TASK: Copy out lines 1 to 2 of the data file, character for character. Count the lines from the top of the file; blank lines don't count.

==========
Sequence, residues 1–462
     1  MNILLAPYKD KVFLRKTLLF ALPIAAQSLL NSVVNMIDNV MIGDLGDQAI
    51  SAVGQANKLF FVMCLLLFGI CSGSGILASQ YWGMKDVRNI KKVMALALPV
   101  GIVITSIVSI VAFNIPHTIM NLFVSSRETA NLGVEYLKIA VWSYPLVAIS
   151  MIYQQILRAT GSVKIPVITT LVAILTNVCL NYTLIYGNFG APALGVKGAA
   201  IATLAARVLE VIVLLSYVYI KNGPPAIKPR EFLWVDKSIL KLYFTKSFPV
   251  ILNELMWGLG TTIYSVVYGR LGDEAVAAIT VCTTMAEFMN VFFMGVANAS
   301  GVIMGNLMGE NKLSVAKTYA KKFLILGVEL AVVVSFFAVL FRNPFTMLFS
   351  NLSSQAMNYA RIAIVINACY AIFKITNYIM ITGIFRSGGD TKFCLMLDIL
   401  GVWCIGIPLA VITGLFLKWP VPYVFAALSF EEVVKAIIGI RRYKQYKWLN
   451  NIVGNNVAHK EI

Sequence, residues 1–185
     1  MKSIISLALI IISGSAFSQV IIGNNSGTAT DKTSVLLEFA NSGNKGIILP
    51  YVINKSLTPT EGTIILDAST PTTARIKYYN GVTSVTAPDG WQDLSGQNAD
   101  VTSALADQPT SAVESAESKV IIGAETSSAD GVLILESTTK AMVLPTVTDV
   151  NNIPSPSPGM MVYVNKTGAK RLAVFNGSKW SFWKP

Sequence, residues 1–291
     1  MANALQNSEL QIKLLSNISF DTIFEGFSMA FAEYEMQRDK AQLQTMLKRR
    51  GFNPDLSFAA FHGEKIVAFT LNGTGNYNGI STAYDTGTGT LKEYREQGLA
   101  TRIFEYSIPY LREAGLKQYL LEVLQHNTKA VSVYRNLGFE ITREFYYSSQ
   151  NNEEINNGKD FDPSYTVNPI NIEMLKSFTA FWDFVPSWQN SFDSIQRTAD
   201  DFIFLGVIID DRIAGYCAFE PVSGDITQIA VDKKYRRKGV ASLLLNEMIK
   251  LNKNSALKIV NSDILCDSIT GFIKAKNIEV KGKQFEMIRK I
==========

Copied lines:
Sequence, residues 1–462
     1  MNILLAPYKD KVFLRKTLLF ALPIAAQSLL NSVVNMIDNV MIGDLGDQAI